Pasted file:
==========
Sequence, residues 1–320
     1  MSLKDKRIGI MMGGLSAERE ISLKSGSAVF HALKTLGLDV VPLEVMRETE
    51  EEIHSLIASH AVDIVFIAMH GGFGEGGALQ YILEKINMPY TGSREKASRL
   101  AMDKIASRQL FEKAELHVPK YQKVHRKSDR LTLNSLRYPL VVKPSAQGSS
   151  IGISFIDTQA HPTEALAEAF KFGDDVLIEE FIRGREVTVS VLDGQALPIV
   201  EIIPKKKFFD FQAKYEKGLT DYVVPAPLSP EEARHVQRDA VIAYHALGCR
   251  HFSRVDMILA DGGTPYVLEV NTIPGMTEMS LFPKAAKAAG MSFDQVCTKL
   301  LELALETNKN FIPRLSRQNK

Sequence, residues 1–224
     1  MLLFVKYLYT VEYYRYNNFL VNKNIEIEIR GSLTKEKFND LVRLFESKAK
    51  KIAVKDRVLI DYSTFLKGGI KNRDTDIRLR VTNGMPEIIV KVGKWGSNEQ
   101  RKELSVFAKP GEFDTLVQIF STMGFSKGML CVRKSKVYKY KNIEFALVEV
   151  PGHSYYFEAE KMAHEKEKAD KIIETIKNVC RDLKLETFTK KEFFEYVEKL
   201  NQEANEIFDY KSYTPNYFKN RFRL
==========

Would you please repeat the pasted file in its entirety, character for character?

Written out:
Sequence, residues 1–320
     1  MSLKDKRIGI MMGGLSAERE ISLKSGSAVF HALKTLGLDV VPLEVMRETE
    51  EEIHSLIASH AVDIVFIAMH GGFGEGGALQ YILEKINMPY TGSREKASRL
   101  AMDKIASRQL FEKAELHVPK YQKVHRKSDR LTLNSLRYPL VVKPSAQGSS
   151  IGISFIDTQA HPTEALAEAF KFGDDVLIEE FIRGREVTVS VLDGQALPIV
   201  EIIPKKKFFD FQAKYEKGLT DYVVPAPLSP EEARHVQRDA VIAYHALGCR
   251  HFSRVDMILA DGGTPYVLEV NTIPGMTEMS LFPKAAKAAG MSFDQVCTKL
   301  LELALETNKN FIPRLSRQNK

Sequence, residues 1–224
     1  MLLFVKYLYT VEYYRYNNFL VNKNIEIEIR GSLTKEKFND LVRLFESKAK
    51  KIAVKDRVLI DYSTFLKGGI KNRDTDIRLR VTNGMPEIIV KVGKWGSNEQ
   101  RKELSVFAKP GEFDTLVQIF STMGFSKGML CVRKSKVYKY KNIEFALVEV
   151  PGHSYYFEAE KMAHEKEKAD KIIETIKNVC RDLKLETFTK KEFFEYVEKL
   201  NQEANEIFDY KSYTPNYFKN RFRL